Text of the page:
The past 12 months have seen more Aussies struggle to put food on the table, with 3.7 million households experiencing moderate to severe food insecurity, according to Foodbank Australia’s 2023 Hunger Report. 

The report surveyed 4,342 Australian adults in July, finding just 52% of households are highly food secure – 3 percentage points fewer than in 2022.

Food insecurity can vary in severity.

Those marginally affected worry about losing access to food while others who are moderately impacted are forced to reduce the quality or variety of food they buy.

Nearly a quarter of households are facing severe food insecurity and have been forced to skip meals or forego food for entire days, the non-profit organisation found.

“It’s clear the cost-of-living crisis is exacerbating the challenges facing those in vulnerable circumstances, and forcing people to make compromises on what, and when they are eating,” Foodbank Australia CEO Brianna Casey said.

Nearly half – 48% – are now anxious about or struggling with the accessibility of their food.  

That’s up from 45% in 2022 and, if the trend continues, more than half of the nation could be struggling to put food on the table by the end of this year.

Many households currently experiencing food insecurity are doing so for the first time and are reluctant to reach out for help, Foodbank noted.

“Food insecurity is waking early and sending your child off to school with a rumbling tummy and empty lunchbox because you’ve been forced into an impossible choice between paying the rent or buying food that week,” Ms Casey said.

“[It's] living at home alone as a pensioner, convincing yourself that three meals a day is a luxury [or] rushing to the fruit platter at a working lunch in the office because fresh fruit and vegetables have become a treat, rather than a dietary staple. 

“Food insecurity is now having a mortgage, a full-time job and a side hustle, yet food is a discretionary spend in the household budget.

“I wish these were hypothetical examples.”

Around eight in 10 people facing food insecurity in 2023 blame the rising cost of living for their struggles, while four in 10 point the finger at low or falling incomes and government benefits.

Changes in households or living arrangements are impacting 26% of those who are food insecure and limited ability to travel to get food is hampering 16%. 

The price of food rose 7.5% over the 12 months to June, the Australian Bureau of Statistics’ (ABS) latest quarterly consumer price index (CPI) read found. 

That makes the category one of the biggest drivers of annual inflation, along with the cost of housing (up 8.1% year-on-year).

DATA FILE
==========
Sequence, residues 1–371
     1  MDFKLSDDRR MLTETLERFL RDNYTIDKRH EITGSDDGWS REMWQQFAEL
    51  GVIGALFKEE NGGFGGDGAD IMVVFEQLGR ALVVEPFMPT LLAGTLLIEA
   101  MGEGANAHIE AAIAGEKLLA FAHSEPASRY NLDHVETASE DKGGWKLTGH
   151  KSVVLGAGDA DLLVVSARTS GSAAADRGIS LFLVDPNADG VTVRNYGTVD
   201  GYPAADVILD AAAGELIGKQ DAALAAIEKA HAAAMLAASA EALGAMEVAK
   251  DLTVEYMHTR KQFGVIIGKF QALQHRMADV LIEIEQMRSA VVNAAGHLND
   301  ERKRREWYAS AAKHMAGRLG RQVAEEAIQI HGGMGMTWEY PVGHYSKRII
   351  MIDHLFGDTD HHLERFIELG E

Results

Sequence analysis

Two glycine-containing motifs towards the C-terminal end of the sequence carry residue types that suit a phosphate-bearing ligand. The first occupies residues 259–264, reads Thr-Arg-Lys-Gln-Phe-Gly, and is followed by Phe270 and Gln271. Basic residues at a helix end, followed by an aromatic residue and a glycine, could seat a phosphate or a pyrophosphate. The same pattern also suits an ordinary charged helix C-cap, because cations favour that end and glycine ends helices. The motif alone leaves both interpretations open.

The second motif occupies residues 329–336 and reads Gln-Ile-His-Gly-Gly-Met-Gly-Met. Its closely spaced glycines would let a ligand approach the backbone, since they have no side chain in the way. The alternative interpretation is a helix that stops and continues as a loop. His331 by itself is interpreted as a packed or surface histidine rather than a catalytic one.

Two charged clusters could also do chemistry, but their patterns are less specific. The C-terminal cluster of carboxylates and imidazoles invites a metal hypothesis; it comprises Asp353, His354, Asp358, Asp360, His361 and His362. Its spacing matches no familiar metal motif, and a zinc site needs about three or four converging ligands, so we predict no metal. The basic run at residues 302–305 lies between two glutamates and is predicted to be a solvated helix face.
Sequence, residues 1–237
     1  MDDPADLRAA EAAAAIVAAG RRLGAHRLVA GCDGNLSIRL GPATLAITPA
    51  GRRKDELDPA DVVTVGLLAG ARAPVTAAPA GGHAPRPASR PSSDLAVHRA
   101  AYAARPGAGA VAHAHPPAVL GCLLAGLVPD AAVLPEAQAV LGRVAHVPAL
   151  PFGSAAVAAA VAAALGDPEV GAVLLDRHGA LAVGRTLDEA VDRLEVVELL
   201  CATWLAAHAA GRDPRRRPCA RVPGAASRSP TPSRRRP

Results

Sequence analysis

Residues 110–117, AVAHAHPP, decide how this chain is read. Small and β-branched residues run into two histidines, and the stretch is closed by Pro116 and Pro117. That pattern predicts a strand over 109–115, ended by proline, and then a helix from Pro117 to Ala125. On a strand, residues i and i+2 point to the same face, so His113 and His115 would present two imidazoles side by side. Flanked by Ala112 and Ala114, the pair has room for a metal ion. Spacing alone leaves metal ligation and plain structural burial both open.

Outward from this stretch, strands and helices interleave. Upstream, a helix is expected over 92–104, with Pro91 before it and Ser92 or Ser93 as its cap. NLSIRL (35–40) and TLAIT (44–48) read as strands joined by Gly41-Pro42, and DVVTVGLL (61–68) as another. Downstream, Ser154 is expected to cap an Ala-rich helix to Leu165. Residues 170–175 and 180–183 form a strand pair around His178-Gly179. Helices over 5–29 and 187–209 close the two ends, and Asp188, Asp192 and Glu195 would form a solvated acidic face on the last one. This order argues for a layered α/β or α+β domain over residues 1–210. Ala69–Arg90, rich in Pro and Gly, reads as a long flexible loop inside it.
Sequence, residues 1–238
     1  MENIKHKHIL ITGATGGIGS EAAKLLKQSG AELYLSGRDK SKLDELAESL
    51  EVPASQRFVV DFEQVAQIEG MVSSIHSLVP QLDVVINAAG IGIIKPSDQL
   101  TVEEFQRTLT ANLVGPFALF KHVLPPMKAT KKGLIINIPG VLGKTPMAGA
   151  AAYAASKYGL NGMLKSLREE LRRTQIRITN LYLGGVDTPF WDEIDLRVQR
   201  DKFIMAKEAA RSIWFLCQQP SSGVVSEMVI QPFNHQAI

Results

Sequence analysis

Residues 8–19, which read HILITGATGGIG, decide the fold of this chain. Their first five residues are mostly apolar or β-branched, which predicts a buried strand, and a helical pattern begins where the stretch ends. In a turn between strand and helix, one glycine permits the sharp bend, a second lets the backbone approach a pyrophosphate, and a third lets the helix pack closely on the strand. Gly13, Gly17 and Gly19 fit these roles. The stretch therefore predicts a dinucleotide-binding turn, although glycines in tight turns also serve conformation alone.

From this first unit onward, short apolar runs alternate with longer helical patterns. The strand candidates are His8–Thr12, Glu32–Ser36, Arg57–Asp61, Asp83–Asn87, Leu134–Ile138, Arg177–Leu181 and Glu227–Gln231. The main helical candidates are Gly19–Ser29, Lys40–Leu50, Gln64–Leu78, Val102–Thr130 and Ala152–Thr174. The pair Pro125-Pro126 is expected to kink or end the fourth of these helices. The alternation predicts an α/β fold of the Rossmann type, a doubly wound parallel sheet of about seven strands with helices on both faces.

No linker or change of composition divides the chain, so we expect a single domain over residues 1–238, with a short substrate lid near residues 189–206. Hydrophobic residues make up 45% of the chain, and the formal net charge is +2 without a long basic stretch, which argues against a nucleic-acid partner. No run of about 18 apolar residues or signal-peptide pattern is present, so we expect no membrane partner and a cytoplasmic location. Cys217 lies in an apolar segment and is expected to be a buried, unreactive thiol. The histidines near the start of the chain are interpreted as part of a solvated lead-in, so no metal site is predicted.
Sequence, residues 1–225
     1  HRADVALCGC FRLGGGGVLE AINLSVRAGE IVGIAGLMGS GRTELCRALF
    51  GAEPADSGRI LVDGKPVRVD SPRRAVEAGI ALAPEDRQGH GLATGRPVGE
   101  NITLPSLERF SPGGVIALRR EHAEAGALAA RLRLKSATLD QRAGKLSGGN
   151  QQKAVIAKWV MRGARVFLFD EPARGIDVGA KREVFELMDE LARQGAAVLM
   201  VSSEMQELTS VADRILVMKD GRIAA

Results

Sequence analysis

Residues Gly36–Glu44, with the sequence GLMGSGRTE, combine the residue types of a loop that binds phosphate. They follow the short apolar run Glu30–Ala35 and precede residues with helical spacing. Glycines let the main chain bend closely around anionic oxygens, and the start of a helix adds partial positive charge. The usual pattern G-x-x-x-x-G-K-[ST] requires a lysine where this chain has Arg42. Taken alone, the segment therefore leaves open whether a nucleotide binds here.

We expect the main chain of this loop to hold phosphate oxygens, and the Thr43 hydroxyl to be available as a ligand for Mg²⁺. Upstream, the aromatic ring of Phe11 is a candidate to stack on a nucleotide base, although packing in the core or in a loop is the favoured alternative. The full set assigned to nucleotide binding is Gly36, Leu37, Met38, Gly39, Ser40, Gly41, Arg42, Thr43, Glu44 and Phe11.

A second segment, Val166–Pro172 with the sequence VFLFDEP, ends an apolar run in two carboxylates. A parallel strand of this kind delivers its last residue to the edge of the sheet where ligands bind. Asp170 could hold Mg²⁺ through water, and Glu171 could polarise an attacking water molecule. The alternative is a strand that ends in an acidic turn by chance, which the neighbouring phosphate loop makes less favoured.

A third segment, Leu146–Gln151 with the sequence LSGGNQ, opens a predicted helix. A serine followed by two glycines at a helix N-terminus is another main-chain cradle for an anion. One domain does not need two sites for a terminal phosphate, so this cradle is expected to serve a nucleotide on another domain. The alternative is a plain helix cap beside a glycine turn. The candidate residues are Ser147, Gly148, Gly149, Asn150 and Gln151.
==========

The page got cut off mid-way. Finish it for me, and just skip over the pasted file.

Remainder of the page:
Aussies resort to BNPL for food and essentials 

The vast majority of those living in food insecurity have adjusted their grocery shopping habits, with fresh produce and proteins scratched from 48% of lists.

Nearly two thirds, meanwhile, have changed their housing and finances, dipping into housing savings or spending more on credit cards or buy now pay later (BNPL) services. 

Increased essential spending on BNPL has been noticed by consumer protection bodies, many of whom have today put out a warning on Afterpay’s recently released subscription model.

The model, dubbed Afterpay Plus, costs $9.99 a month and is accepted anywhere that takes Apple Pay, Google Pay, or Samsung Pay.

Many, including Financial Counselling Australia and the Financial Rights Legal Centre, believe the product essentially allows consumers access to a loan with little to no affordability checks. 

“I am really concerned, as our financial counsellors on the National Debt Helpline often hear from people using BNPL for daily essentials like food, energy, and telco services,” Consumer Action Law Centre CEO Stephanie Tonkin said.

“People are doing it tough right now and are extremely vulnerable to unregulated credit,”  Consumer Credit Legal Service principal solicitor Roberta Grealish said.  

“People who are resorting to BNPL for essentials like food are obviously struggling to put a meal on the table – they do not need additional fees added to the mix – it’s a recipe for a debt disaster.”

The Australian Financial Complaints Authority (AFCA) fielded 57% more complaints against BNPL services in 2022-2023 than it did the prior year. 

AFCA chief ombudsman and CEO David Locke said the increase underlines the importance of the Federal Government’s intent to regulate BNPL services under the Credit Act, as announced in May. 

“The BNPL industry desperately needs proper safe lending laws for their products, or they will continue to cause harm,” Ms Tonkin said.

Image by Kelly Sikkema on Unsplash.